If so, that explains what happened to curiosity and creativity. If everyone’s always in agreement, that’s not a good sign. People want to be liked, but that can hold them back from exploration. Consider the example of when the bell rang. No one wanted to be the one who didn’t stand up. But somebody who did stand up was Zander Lurie. He’s the CEO of SurveyMonkey, and I was able to interview him on my show and discuss the importance of curiosity with him. Curiosity is at the top of their list of the most important things they want to develop in their employees.
I asked him about how they go about developing it, and he said they ask questions, like how can we help make our products more productive for our customers? How can we make an environment here at SurveyMonkey so that people can do their best work of their lives? The company tries to embrace collaborative culture, and when they have direct conversations and constant dialogue, they give honest feedback and have mentorships, they do a lot of things like skip level meetings with people so that they don’t have to report to their direct reports. This is what happens when a company that trades on feedback, they live up to their ideals. And they celebrate asking people for feedback.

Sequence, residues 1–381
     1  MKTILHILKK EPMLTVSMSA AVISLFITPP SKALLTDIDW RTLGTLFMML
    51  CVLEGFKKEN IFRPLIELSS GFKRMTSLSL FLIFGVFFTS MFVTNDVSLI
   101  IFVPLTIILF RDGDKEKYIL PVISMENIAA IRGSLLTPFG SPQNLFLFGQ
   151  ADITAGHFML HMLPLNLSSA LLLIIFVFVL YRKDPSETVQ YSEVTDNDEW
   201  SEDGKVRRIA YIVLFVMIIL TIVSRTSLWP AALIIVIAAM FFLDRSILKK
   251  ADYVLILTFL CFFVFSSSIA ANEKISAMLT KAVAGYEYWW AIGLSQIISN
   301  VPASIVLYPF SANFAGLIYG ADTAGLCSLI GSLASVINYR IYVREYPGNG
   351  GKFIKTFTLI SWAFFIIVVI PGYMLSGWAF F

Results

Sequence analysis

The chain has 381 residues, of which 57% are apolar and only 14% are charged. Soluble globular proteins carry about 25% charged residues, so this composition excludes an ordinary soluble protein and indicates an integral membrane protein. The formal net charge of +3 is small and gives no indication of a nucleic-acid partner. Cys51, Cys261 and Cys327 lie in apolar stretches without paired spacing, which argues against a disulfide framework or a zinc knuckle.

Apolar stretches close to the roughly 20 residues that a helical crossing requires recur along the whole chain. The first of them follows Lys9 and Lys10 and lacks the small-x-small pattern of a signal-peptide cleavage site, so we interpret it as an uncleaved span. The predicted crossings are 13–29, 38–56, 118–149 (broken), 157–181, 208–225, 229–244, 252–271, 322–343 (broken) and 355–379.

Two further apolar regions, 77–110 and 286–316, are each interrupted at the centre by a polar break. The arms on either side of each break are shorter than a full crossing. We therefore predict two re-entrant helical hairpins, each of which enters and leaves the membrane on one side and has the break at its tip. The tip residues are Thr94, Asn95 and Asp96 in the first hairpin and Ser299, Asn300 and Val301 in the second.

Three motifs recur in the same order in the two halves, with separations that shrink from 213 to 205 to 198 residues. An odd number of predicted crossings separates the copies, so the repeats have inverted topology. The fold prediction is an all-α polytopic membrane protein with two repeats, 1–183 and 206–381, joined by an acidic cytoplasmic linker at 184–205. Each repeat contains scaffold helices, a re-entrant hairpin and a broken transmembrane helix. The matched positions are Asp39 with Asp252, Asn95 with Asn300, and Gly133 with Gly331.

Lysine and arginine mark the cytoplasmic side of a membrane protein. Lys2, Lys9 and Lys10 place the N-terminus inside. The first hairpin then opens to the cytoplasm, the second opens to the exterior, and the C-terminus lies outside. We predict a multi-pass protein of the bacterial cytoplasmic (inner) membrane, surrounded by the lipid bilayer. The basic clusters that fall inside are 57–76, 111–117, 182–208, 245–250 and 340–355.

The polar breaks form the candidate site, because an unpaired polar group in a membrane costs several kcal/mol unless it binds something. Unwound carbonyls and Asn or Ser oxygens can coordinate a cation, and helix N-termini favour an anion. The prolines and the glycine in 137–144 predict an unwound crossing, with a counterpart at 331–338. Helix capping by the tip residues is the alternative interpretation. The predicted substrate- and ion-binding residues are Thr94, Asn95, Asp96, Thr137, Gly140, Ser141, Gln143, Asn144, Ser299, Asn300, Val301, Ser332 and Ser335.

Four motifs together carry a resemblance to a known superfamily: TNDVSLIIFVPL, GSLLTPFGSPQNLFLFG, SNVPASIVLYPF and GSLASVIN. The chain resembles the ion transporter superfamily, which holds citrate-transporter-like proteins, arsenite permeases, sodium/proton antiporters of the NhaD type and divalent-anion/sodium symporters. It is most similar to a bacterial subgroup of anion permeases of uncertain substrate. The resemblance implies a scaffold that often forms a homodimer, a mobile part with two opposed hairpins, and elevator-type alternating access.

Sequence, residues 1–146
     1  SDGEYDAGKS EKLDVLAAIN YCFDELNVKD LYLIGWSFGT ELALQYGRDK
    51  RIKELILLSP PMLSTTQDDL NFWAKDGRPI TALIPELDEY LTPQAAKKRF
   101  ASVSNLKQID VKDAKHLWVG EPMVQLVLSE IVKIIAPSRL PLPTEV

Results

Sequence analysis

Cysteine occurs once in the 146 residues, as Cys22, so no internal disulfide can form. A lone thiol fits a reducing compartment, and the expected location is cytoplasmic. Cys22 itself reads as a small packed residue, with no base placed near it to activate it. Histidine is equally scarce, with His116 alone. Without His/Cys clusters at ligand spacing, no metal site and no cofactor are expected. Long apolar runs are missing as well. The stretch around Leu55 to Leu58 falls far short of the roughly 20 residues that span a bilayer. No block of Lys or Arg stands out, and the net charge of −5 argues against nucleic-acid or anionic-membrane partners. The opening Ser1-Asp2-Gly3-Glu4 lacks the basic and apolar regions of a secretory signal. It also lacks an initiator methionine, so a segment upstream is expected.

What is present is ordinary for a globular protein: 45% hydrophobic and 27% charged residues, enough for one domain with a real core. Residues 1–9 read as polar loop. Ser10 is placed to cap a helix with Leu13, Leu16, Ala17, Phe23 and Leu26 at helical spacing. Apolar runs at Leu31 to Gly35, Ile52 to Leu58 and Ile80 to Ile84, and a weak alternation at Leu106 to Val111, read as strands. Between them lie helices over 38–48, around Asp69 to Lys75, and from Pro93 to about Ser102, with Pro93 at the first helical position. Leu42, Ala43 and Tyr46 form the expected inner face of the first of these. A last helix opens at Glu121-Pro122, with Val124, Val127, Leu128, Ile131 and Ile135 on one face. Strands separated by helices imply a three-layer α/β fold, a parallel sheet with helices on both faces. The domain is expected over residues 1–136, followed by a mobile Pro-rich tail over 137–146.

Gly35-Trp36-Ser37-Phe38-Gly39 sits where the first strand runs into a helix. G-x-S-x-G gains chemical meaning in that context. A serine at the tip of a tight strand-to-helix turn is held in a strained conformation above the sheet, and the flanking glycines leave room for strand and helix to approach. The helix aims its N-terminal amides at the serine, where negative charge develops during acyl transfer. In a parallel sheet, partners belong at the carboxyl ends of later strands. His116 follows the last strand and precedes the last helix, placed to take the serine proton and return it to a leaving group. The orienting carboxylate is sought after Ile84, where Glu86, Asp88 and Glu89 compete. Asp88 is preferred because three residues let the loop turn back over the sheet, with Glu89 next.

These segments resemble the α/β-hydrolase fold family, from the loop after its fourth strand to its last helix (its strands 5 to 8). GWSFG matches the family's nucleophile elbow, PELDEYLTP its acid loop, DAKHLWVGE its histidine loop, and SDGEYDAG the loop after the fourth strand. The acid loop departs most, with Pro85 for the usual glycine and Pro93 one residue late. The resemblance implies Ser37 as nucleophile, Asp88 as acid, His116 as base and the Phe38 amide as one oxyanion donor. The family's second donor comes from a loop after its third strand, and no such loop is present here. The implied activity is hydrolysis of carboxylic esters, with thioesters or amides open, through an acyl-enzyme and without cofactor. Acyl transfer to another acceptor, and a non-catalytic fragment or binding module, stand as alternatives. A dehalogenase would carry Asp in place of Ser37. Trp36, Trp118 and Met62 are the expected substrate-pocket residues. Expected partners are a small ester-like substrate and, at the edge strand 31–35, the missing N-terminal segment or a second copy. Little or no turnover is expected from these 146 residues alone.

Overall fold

They ask people for growth opportunities, developmental opportunities, celebrating good questions. And that challenges the status quo.
When I started to write about the importance of curiosity, it became clear really quickly that I didn’t just want to explore the importance of it. I wanted to fix it. And that’s when I started working on determining the things that inhibit people. Once you have a baseline measurement, you can move forward. You can improve. And I spent years of researching this and testing this, and I wanted to be sure that it was something that I could give value to what we’ve seen just in the levels of emotional intelligence and everything else that we’ve seen in the exploration that’s out there in human behaviour.
So I tested my research on thousands of people and found these four factors really held people back pretty evenly across the board. I kind of expected fear to be the highest level, but we know that some of these can overlap. For example, you can have fear of technology.

When I researched assessments that measured curiosity, I was surprised that all of those assessments just measured if we had high or low levels of curiosity.

That led to my question “What happens if we have low levels?” which then led to my research regarding what inhibits curiosity.


Why can understanding what holds us back help us move forward?
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Prof. Hellicy C. Ng’ambi [Internet]. [cited 9 September 2020]. Available from: